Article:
The ballet and the beast

A renegade choreographer made news this fall when he eschewed a likely offer to run the New York City Ballet. Christopher Wheeldon left the historic troupe to cull his own dancers and build Morphoses/The Wheeldon Company, where vision reigns over all — including legacy, following, and funding.

Starting a ballet company is a risky venture in a time when the fight for grant money is the new gold rush. The one-year-old Alamo Arts Ballet Theatre, a professional ballet company and school in San Antonio, was thrilled to receive the $14,000 grant it requested from the local
Kronkosky Foundation.

Spawned from a shared cultural breeding ground, Morphoses and Alamo Arts were born of necessity and desire. Founding member and former Houston Ballet prima ballerina Lauren Anderson saw the same potential to achieve high art and community outreach in San Antonio that Wheeldon procured in New York.

Compared to New York City Ballet’s $58-million annual budget, $14,000 seems to afford no more than a few second-hand tutus. Wheeldon’s precarious shadow looms over fledgling ballet companies like a groundhog en pointe, forecasting their success or failure. Positive reviews and a prosperous first attempt to secure funding tell favorably of Alamo Arts’ future, but the same skeptics who question Morphoses’ viability cast doubt on the long-term impact of other start-up companies.

The age-old tension between patron and public surfaces even in a company like Alamo Arts that executes modern dance as assuredly as a classical repertoire. The company’s premier performance in 2006 announced its fearlessness as it choreographed dances to Stravinsky and
Zeppelin in the same breath.

But the Sunday performance of Fire and Ice seems to revert to caution. Pieces by 19th-century Russians Glazunov and Rimsky-Korsakov confess uncertainty that its loyalties lie not with the audiences in need of outreach but to its donors. The music selections, while art-music at its highest, cater to audiences in search of Ballet Proper and who might believe that deviation is vulgar. Stranger still is the 17th-century baroque “Terpsichore” by Praetorius for the children’s ballet. “Terpsichore” surely stands up to the musicologist’s magnifying glass as a gold mine of historical insight, but it doesn’t persuade young people that ballet is an evolving and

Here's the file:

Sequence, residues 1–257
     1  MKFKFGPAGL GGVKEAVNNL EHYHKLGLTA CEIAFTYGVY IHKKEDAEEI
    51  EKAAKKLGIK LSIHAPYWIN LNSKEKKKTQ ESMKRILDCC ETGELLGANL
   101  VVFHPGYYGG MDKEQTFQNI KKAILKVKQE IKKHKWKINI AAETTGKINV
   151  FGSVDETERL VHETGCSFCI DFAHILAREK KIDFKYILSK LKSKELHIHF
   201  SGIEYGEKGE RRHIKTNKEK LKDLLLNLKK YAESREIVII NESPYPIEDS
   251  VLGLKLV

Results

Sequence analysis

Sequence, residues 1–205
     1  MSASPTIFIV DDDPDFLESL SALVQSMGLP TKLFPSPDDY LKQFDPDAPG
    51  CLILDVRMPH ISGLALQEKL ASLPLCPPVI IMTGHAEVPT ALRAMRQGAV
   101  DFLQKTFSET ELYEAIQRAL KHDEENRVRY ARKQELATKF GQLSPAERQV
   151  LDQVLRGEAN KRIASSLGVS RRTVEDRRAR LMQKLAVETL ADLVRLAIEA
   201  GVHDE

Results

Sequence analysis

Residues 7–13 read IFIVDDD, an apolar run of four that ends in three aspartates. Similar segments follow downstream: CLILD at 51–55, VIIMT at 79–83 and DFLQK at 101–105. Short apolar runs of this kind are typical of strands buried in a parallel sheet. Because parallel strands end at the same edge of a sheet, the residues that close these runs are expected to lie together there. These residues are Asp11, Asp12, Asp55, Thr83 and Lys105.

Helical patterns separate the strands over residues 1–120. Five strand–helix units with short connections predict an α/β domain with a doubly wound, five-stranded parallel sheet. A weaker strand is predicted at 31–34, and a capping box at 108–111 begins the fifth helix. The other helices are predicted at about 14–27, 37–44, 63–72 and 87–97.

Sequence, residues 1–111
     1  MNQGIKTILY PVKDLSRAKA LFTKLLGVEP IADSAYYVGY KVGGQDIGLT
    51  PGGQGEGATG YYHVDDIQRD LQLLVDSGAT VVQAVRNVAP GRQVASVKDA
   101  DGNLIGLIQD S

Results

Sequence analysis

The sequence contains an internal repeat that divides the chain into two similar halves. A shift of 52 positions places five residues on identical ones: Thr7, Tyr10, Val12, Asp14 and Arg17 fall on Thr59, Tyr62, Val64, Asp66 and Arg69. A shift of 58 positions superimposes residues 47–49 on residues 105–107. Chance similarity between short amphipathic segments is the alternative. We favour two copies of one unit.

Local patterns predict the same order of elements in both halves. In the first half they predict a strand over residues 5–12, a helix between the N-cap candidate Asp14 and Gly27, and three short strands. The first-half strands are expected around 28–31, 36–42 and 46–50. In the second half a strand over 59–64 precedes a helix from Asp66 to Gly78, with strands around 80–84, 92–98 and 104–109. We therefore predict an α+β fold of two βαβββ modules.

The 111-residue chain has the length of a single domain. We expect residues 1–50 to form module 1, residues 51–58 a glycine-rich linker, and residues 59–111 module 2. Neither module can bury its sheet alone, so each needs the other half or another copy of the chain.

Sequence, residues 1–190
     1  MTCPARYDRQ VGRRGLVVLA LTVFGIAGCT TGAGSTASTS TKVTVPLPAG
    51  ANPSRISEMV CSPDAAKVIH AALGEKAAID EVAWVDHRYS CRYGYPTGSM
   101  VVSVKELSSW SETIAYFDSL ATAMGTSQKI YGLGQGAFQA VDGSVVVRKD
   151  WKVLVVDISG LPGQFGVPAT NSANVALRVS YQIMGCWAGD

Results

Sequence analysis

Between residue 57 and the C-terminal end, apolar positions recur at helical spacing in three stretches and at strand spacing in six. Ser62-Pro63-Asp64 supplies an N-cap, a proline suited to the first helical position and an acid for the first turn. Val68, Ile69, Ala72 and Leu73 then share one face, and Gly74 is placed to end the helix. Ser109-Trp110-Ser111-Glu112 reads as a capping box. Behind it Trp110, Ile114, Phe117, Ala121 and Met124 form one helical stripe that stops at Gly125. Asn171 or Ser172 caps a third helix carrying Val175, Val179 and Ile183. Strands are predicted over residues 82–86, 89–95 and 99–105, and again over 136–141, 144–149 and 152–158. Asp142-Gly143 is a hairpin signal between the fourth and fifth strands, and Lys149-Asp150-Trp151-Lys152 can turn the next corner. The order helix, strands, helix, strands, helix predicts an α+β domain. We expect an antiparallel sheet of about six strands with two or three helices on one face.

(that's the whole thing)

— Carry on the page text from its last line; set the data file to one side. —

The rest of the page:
contemporary art form.

Yet Alamo Arts is unquestionably doing all the right things for the community. Championing community service, the theater performed for more than 3,000 children in underserved and low-income public schools last year and will perform a matinee for school kids this Friday. For Fire and Ice, it collaborates with Flamenco dancers from San Antonio Dance Academy, reasserting that the company can think outside the classical box. The organization also insists on professional training and invites professional dancers and choreographers to teach master classes.

Balancing artistic independence and financial stability is often a matter of luck and politics, appeasing the beast. Who knows if a dance troupe less dedicated to classical ideals would win the favor of a generous endowment? But one year ago, Alamo Arts emerged out of the shadow, hopefully predicting for itself, and other newborn companies, a springtime where vision and funding flow freely.


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